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My question is about the Louis L. Manderino library at California University of Pennsylvania. Who was Louis L. Manderino? 

Question submitted by: Loralee Babjack, Cuddy

 

 

During the 1970s, Louis Manderino offered living proof that America really was the land of opportunity: The son of Italian immigrants who grew up in the tiny Mon Valley town of Monessen, Manderino became the youngest state Supreme Court justice in Pennsylvania history, and then got caught up in a nasty, public divorce. And really, isn't that what the American Dream is all about?

 

 

Even before he graduated from Monessen High in 1947, Manderino was a noted talker: Legend has it that Manderino showed up on the campus of Harvard University with $11 in his pocket, but somehow convinced the school to finance his education.

 

A few years after graduating in 1954, Manderino became a law professor at Duquesne University. He later became dean of the law school, but he always had the makings of a politician. ("I liked the guy but I couldn't shut him up," one newspaper editor was quoted saying in the Pittsburgh Press.) He first ran for the state Supreme Court in 1969 and lost, but was appointed to the Commonwealth Court, a lower state appeals court, in 1970. In 1971, he ran for Supreme Court again, and this time won. At 42, he was the youngest judge to ever hold the spot, and was one of its first Italian-Americans.

 

In the courtroom, Manderino was both active -- he frequently paced about the courtroom while during proceedings -- and an activist. Upon being sworn in, Manderino asserted that judges were "moving into a new era of people problems" -- and that such problems demanded "young men and younger energies to overhaul the whole system." Perhaps his most celebrated decision was a 1978 opinion overturning Pennsylvania's "Blue Laws," which had prohibited businesses from being open on Sundays. His Post-Gazette obituary called him "the court's leading liberal on issues involving the civil liberties and judicial safeguards of defendants in criminal cases."

 

If you think society is too soft on criminals, in other words, Manderino's the kind of judge you'd hate. In a 1972 Pittsburgh Press Roto magazine profile, Manderino admitted that "I am very conscious of human bias and ... I go the other way to give the benefit of the doubt to people with problems." Even at home, his wife told the Press, "He is not a disciplinarian, he leaves that to me."

 

 

Sadly, Manderino may be best remembered not for any case he decided, but for a case he was a party to: his divorce from the family "disciplinarian," Theresa.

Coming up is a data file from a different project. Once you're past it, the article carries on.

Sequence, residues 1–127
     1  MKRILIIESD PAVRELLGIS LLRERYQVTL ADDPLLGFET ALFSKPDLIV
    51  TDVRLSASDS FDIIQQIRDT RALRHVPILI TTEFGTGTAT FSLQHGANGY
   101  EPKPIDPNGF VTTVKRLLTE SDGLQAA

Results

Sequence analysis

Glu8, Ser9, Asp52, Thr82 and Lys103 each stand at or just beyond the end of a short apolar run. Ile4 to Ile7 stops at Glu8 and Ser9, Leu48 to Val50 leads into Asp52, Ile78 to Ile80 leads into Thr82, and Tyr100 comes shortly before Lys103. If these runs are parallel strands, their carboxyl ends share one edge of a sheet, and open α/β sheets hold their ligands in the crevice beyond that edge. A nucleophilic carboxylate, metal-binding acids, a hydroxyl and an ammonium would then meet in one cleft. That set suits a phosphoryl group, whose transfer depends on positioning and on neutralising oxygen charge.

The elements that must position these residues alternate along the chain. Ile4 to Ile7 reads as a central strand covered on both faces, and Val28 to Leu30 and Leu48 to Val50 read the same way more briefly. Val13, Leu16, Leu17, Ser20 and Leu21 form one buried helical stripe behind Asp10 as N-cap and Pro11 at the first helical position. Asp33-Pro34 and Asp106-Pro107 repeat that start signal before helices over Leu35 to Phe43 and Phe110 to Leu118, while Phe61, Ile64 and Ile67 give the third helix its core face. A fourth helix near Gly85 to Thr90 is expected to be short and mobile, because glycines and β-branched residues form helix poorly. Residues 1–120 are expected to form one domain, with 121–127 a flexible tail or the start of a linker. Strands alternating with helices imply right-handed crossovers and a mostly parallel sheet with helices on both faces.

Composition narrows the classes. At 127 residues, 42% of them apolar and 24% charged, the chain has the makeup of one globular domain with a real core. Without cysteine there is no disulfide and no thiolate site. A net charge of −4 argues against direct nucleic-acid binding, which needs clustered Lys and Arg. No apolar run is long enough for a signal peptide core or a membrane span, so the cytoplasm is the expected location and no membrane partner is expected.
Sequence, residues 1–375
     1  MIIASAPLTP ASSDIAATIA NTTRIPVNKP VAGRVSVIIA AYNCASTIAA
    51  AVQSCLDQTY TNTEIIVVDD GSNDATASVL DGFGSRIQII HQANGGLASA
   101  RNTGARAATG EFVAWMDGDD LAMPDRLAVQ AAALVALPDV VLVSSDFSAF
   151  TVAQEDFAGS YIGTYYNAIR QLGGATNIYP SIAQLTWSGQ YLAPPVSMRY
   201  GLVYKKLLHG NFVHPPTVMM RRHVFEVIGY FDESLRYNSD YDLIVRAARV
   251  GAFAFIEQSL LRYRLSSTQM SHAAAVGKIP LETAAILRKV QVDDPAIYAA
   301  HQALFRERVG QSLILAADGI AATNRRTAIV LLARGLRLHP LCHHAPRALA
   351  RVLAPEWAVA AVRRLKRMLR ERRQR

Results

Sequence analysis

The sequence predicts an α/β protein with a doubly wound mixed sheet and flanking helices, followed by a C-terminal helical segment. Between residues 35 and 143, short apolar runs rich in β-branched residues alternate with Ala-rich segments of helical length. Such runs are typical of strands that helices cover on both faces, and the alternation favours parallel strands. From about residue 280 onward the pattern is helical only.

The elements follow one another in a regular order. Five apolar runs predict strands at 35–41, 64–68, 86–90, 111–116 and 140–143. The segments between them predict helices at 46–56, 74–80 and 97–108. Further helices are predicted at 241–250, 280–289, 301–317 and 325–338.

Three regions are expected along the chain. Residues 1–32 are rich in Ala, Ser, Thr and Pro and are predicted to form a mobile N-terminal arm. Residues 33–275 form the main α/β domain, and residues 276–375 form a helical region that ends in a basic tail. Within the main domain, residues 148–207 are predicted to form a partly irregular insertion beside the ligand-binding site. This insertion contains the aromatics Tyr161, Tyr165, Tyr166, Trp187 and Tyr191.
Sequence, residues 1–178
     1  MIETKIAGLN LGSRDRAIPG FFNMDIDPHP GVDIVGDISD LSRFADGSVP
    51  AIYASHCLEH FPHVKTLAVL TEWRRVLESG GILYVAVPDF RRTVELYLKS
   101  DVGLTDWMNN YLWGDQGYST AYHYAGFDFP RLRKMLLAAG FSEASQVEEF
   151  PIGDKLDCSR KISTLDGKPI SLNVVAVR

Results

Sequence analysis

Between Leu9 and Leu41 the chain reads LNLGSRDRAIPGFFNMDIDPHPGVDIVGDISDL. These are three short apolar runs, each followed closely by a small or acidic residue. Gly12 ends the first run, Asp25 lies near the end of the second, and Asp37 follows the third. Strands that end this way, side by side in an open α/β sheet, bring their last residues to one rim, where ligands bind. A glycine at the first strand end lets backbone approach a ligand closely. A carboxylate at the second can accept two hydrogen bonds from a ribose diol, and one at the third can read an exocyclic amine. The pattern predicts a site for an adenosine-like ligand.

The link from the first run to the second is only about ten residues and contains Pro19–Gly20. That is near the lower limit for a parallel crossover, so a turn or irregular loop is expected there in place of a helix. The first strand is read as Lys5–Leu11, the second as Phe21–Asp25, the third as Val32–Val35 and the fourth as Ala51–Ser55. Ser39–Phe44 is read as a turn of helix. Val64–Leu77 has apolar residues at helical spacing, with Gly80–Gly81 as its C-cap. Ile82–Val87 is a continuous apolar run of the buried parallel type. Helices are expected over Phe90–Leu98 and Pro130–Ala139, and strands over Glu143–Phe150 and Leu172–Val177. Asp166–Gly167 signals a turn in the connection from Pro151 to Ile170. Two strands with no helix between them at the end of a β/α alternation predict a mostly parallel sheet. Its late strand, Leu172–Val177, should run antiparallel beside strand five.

Manderino's divorce made headlines in 1977 because his wife and two non-adult children got only $12,216 in child support; the year before, Manderino earned more than $100,000. The settlement was so paltry that the courts later raised the amount so Manderino's wife could pay her mortgage. The children, ages 14 and 11, obviously had their father's gift for language: The settlement, they told reporters, was "a ripoff."

 

Did Manderino's stature tilt judges in his favor? Maybe, though courts in those days were already tilted toward the husband. At the time the Manderinos were slugging it out, a national women's commission decreed that Pennsylvania's divorce laws were "the worst in the nation" for women.

 

"I have second thoughts on the value of being a homemaker," Theresa Manderino told reporters at one point. "I'm asking myself now should I 20 years ago have given up the opportunity to pursue my own career."

 

"I don't ever want to get married," the daughter Susan affirmed. "I wouldn't get caught in the same thing my mother got caught in."

 

Today, conservatives like Sen. Rick Santorum complain that feminists have devalued homemaking and motherhood. But the Manderino cases suggests that, in fact, society didn't value motherhood and homemaking enough -- feminists were arguably only pointing out the fact.

 

But though the Manderinos' divorce generated headlines across the state, Louis Manderino was still a hometown kid made good. And when California University of Pennsylvania -- then California State College -- dedicated a new library in 1979, they named it after the state Supreme Court justice who'd grown up in nearby Monessen.

 

Just three weeks later, on Nov. 8, 1979, Manderino collapsed while walking down Fifth Avenue. The victim of an apparent heart attack, he was just 49 years old.

 

Manderino, it seems, did everything young.

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